What to Know
No traces of the fleas have been found in any city government buildings in the Civic Center.
A report about it comes after City Council President Herb Wesson had all of the carpets removed from his office late last year.
The council voted unanimously to continue to receive regular updates on the rodent and flea issue.
Although an employee believes she contracted typhus from fleas in her City Hall East office, no traces of the insects have been found in any city government buildings in the Civic Center, according to a report presented to the Los Angeles City Council Friday.
The report comes after City Council President Herb Wesson had all of the carpets removed from his office late last year due to a rodent and flea problem, and also proposed earlier this year exploring the removal of all carpets in City Hall.
But despite the demonstrated rodent problem, a vendor hired by the city, CatsUSA Pest Control, said in a report it found no traces of fleas in City Hall, City Hall East, City Hall South, the Metropolitan Communications Dispatch Center and a city child daycare center in the Civic Center after setting up more than 1,800 monitoring stations.
The council voted unanimously to continue to receive regular updates on the rodent and flea issue. Staff also said that the carpets are being vacuumed more often, and there was no discussion about having them removed.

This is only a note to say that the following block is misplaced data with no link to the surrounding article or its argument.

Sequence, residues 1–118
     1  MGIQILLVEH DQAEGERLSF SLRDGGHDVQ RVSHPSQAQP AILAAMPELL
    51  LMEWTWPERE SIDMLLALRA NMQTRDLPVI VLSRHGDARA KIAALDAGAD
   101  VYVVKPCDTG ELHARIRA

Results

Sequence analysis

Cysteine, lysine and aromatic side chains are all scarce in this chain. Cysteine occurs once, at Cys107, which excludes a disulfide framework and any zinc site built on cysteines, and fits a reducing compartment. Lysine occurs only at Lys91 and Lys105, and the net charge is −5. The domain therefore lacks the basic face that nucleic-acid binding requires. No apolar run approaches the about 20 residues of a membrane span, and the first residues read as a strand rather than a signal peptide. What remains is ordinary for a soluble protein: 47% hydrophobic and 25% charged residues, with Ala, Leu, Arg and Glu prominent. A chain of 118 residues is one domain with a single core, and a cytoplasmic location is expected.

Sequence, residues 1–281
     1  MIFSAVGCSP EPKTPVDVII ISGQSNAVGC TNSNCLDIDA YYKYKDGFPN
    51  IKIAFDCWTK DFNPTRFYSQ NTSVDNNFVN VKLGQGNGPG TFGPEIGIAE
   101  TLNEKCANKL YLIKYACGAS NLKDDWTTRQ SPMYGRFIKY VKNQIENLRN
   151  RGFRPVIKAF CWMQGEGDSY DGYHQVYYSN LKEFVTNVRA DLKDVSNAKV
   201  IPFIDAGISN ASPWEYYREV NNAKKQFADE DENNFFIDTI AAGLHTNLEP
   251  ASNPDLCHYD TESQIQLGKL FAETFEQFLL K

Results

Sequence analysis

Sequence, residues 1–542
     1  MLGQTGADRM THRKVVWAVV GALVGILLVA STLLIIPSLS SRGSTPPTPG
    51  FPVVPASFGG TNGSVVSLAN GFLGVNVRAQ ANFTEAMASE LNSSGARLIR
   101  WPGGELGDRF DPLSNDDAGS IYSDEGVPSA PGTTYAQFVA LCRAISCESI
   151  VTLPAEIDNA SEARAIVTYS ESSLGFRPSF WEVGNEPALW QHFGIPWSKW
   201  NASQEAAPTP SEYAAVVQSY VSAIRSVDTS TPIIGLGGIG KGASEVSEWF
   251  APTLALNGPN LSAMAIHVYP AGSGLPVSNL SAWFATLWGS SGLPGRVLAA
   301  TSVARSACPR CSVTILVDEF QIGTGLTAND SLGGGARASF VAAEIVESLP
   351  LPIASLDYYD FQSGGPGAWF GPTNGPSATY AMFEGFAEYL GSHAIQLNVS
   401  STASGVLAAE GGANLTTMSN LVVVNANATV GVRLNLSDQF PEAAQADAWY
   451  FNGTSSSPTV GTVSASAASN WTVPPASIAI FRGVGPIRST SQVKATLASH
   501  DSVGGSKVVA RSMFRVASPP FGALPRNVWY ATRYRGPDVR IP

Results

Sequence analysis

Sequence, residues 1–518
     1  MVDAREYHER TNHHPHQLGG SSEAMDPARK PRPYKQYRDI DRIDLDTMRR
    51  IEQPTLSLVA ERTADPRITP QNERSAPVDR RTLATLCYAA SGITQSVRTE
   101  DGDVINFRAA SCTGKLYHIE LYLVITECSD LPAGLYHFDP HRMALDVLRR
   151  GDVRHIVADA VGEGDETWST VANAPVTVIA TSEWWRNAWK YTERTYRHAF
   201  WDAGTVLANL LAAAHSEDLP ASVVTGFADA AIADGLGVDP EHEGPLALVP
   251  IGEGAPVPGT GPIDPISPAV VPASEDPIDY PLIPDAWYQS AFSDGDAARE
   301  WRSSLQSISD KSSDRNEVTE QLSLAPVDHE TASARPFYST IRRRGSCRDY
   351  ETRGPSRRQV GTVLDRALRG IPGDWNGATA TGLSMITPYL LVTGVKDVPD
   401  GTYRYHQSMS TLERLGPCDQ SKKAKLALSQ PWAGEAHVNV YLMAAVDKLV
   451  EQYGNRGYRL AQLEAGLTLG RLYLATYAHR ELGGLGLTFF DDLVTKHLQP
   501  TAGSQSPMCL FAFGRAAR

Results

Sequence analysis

"It sounds like we have made a lot of headway, so from this point on, I think that it's important that we continue to attack and that we don't sit back and wait for complaints," Wesson said.
In a verbal report to the City Council, city staff said there has been an increased effort to fight potential rodent problems, including more clean- ups around the exterior of City Hall.
Nearly 60 percent of the trees have been trimmed, with all of them expected to be done by the end of the month or early April, and 40 percent of the nearby landscaping has been removed, staff said. Staff also said that more rodent traps have been set inside the buildings, and although Cats found no actual rodents, there was evidence of rodent droppings in some parts of the buildings and signs that rodents were thriving in the exterior areas.
The City Council last received an update on the rodent problem on Feb. 15, about a week after approving a motion seeking options on combating the problem of rodents and fleas in the building, including removing all of the carpets.
The motion, which Wesson introduced, said there had been a "noticeable increase in the volume of rodents in the area and within city buildings," and also referenced an NBC4 report on Deputy City Attorney Liz Greenwood, who is convinced she caught typhus last November from fleas in her City Hall East office.
The motion said Wesson's office became aware of vermin issues within his personal City Hall office that month and brought in pest control experts, who set traps, advised the removal of all live plants the rodents were consuming, and recommended the removal or containment of all food products.